Augenblick mal! 2009

Samstag, 9. Mai 2009 | Hebbel am Ufer - HAU 2

Ruhrtriennale, Essen | Theater Basel
Next Level Parzival
von Tim Staffel
Rowohlt Theaterverlag, Reinbek
Eine Koproduktion des Theater Basel mit der Ruhrtriennale und dem jungen theater basel. Ein Auftragswerk der Ruhrtriennale
ab 13 Jahren | 105 Minuten

Director: Sebastian Nübling
Stage Design: Muriel Gerstner
Costume Design: Ursula Leuenberger
Dramaturgy: Uwe Heinrich, Peter-Jakob Kelting
Music: Lars Wittershagen
Actor(s): Lorenz Baumgarten (Clamide), Salome Bessenich (Jeschute), Andrea Bettini (Ither und Knappe), Raphael Brunner (Sylvio), Judith Cuénod (Annika), Moira Gillieron (Hedda), Julian Gresenz (Gawan), Marco Jenni (Lukas), Tobias Koch (Yannik), Ian Purnell (Oktay), Hans Jürg Müller (Artus), Erik de Quero (Orilus), Katharina Schmidt (Orakel), Sarah Speiser (Ginover), Sandro Tajouri (Parzival), Anat Treubig (Chloe), Linda Werner (Condwiramurs und Liaze)


In the course of a LAN party, seven young people encounter the Parzival virus, which breaks through all the rules of 'King A', the computer game. They decide to discipline it, but the more the virus learns, the more chaotic everything becomes. Parzival


The words 'youth' and 'PC games' are usually followed by a string of culturally-influenced pessimistic attributions, starting with 'danger of being isolated from society' and ending with 'fantasies about running amock'. However, in 'Next Level Parzival' the computer game, 'Artus' is a kind of land of yearning, with impressive sound and graphics, in which emotions can be experienced in battle and songs of courtly love. In addition, it nourishes young people's need for rules and fairness. Seven young people who are crazy about computer games meet in 'Second life', where they have created chivalrous avatars who battle for love and honour at King Arthur's court. Their personalities, their problems with relationships, their longings and self-images, become visible in the actions of their virtual surrogates. This is how such difficult questions as 'Who am I?' and 'Who do I want to be?' are dealt with using a lightness of touch.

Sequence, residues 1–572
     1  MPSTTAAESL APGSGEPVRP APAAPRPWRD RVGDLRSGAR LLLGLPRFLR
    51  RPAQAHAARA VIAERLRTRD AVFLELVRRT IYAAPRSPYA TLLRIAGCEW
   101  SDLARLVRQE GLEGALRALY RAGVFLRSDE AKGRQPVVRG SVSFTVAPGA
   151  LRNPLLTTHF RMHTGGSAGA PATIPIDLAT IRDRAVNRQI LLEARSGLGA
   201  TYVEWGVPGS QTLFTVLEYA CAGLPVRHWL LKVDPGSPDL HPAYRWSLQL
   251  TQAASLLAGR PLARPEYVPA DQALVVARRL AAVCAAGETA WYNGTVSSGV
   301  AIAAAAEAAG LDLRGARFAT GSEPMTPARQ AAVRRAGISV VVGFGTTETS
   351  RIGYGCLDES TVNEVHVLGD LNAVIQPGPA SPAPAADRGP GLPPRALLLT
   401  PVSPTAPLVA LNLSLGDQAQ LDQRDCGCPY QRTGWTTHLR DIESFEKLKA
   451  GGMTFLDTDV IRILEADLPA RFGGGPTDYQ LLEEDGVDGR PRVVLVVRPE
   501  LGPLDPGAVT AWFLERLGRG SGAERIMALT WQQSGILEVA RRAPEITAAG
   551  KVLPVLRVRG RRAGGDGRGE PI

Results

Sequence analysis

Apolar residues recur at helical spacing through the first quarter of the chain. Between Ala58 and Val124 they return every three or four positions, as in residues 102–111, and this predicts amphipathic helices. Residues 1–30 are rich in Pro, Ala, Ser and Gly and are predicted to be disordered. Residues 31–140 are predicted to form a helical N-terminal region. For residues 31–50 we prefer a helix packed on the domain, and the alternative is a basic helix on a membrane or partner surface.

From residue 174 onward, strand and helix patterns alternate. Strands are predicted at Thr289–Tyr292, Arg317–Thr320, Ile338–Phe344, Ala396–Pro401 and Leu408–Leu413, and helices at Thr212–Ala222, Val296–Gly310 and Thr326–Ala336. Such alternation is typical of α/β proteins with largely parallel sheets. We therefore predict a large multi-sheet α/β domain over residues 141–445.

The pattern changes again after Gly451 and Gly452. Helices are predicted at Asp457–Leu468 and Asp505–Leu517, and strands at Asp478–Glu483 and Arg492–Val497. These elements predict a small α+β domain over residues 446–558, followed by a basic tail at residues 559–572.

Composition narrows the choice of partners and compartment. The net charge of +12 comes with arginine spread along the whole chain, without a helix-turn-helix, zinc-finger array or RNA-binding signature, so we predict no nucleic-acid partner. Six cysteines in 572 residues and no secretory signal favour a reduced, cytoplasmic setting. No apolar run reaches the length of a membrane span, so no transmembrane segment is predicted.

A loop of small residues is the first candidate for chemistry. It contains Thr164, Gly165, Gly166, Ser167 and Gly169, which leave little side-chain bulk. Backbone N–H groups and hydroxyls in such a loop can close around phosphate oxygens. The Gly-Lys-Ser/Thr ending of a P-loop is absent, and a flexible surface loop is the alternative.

The line between the two levels – the games of the youthful protagonists and of the virtual actors – begins to blur when courtly love and morals, kissing and fighting no longer respond to the computer keyboard, the computers seize up, and reject the commands. A loss of control. A virus has crept in: Parzival. Just as in Eschenbach's poetic epic, he knows nothing of the world he is entering. He brings about the collapse of the game and reality level, leading to further questions on stage: How should an outsider be dealt with? When is one allowed to break the rules? And what do you do when there are no rules? The Parzival-paraphrase in the cyberspace age is performed with an inspirationally playful frenzy on a stage which has been turned into a battlefield with gigantic towers of loudspeakers. Wild leaping, flying pizzas, clashing swords, touching declarations of love. The multi-layered sound track plays a major role and seems to come directly from a comic strip. A thrilling game with a sensitive feeling for the emotional – but also comical – turbulence and ambivalence experienced by the young gamers.

Barbara Kantel

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